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cluttonfred

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Vigilant1, is there a software tool you are using for those estimates or...? Also, is the 29% efficiency n the second row a typo?

These engines are looking very attractive. If someone with more knowledge than I have were to develop a complete firewall-forward package using an Ace redrive , I think there would be a ready market as an alternative for the many VW-powered aircraft out there.
 

Vigilant1

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I'm using Jan Carlsson's prop design software. The 29% isn't a typo, I can dig in later and see the trends--the program wouldn't even provide an efficiency number for a 2 blade 54" at low airspeeds at this low RPM.
I suspect that with the limited prop length and at this low RPM, it gets difficult to effectively load the blades. There's only so far we can go by increasing blade pitch at low airspeeds before they are effectively stalled and efficiency plummets. Maybe a 4 blade prop would help. But a 2 blade wood prop is a simple, light, inexpensive thing that works well at the typical 120+ MPH cruise speeds of these relatively clean planes. The simple answer in this case would be to reduce the PSRU ratio a bit so those props can also work well at climb speeds.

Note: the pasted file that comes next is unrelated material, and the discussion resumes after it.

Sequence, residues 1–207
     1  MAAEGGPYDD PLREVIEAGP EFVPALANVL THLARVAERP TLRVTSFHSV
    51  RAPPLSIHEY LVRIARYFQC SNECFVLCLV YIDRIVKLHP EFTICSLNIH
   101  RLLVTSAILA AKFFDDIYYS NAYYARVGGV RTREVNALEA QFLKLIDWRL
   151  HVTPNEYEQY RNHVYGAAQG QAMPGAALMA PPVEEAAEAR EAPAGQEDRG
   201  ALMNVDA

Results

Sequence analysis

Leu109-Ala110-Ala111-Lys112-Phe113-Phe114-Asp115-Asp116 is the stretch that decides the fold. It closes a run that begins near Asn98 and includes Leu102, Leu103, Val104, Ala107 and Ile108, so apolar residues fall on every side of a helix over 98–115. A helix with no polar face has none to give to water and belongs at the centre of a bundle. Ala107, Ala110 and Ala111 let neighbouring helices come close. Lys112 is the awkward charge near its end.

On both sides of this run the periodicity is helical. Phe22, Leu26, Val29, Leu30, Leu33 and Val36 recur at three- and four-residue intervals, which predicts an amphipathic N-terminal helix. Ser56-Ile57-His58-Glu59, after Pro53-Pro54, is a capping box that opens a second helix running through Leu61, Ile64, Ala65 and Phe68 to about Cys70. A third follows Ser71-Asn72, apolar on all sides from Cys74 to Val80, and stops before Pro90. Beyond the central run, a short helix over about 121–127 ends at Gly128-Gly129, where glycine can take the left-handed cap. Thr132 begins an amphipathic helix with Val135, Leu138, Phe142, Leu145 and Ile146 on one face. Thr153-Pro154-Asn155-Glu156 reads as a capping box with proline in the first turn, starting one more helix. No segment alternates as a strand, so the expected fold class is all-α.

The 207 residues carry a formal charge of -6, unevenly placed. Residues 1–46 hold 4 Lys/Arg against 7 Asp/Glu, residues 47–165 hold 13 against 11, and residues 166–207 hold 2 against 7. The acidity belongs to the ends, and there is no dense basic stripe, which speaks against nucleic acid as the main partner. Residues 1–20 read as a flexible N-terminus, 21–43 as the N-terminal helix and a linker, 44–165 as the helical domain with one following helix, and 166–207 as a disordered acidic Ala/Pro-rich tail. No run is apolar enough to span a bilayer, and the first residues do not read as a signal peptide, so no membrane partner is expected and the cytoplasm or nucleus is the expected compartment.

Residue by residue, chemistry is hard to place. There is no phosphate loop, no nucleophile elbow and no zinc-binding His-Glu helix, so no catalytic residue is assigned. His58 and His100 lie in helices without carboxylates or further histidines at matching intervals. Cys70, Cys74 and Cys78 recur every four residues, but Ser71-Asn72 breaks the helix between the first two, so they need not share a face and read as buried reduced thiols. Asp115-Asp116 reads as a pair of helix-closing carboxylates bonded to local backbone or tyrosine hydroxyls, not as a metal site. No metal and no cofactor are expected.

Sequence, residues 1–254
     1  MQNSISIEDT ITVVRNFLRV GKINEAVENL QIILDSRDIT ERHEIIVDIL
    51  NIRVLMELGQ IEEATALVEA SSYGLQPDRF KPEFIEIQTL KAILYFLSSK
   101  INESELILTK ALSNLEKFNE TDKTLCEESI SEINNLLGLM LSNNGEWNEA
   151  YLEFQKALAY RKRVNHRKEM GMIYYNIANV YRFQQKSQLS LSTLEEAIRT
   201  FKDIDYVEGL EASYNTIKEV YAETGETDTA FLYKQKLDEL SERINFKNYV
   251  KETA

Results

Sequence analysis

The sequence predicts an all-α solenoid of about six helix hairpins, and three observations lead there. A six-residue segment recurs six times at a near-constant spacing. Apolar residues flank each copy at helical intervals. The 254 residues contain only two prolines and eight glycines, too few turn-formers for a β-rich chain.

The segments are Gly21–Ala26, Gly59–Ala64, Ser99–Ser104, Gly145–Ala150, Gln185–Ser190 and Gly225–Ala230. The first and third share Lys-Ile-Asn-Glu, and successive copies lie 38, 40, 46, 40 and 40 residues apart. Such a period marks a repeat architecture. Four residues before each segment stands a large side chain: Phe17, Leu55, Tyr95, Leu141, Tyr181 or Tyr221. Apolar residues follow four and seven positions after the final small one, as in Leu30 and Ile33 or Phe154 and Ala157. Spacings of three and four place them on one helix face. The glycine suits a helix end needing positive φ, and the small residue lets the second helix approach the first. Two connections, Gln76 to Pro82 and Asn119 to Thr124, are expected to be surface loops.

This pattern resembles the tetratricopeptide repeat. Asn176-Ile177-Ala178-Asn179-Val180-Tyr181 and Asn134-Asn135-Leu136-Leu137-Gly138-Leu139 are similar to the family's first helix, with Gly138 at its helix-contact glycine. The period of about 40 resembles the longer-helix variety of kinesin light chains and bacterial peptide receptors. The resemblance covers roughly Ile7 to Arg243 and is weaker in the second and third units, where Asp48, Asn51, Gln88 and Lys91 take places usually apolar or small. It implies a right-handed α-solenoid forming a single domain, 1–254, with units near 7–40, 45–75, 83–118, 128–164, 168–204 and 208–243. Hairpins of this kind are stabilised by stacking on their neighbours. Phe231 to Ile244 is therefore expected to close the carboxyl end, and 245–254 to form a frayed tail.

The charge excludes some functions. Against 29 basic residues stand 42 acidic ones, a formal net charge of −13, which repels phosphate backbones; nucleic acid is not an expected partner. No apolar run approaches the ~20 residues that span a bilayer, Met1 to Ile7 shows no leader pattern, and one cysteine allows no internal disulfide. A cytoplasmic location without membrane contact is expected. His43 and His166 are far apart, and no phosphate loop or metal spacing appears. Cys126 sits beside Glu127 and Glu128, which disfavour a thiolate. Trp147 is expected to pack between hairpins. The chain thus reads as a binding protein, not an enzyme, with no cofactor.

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cluttonfred

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Cool. Just out of curiosity, how does this work out with the standard Ace ratio for a two- or three-bladed 60” prop, which is the design diameter for a VP-2?
 

Vigilant1

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Cool. Just out of curiosity, how does this work out with the standard Ace ratio for a two- or three-bladed 60” prop, which is the design diameter for a VP-2?
Here's how things look at 60" diameter. In all cases, the props are optimized for the shown airspeed.

For a 60" dia prop, 6250 engine RPM, Jan's program gives:
Prop blades....PSRU ratio.....Prop RPM....80 MPH design speed...........100 MPH design speed..........120 MPH design speed
....2....................2.32.................2693....................66%......................................75% eff................................79% eff
....3....................2.32.................2693....................70%.....................................77% eff................................81% eff
 

cluttonfred

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Thanks much! Definitely some food for thought for a VW alternative in a VP-2.... If I understand correctly, this is working backwards from aerodynamic considerations and will tell you the engine power needed at a given speed? It looks like a four-bladed prop might be worth it at VP speeds.
 

Vigilant1